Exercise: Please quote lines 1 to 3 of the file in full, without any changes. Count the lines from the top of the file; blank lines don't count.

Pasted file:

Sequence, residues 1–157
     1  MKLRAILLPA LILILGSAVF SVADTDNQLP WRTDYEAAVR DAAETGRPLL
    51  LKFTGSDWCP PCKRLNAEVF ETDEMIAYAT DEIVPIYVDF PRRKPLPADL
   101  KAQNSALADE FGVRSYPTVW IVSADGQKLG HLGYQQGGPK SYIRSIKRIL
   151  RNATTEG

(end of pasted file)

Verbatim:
Sequence, residues 1–157
     1  MKLRAILLPA LILILGSAVF SVADTDNQLP WRTDYEAAVR DAAETGRPLL
    51  LKFTGSDWCP PCKRLNAEVF ETDEMIAYAT DEIVPIYVDF PRRKPLPADL